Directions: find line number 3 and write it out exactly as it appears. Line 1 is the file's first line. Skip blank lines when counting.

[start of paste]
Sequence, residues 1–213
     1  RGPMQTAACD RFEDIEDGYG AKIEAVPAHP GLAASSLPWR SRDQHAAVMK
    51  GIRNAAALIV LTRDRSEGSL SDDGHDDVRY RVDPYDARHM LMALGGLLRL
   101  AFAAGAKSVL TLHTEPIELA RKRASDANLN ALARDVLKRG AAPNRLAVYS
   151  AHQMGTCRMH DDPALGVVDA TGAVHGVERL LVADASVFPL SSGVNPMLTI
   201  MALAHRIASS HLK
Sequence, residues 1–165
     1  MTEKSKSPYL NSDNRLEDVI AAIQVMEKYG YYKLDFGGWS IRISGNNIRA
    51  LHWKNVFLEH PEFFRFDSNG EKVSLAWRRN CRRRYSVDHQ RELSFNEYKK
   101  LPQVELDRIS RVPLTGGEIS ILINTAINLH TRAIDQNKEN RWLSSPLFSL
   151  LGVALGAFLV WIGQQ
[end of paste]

    51  GIRNAAALIV LTRDRSEGSL SDDGHDDVRY RVDPYDARHM LMALGGLLRL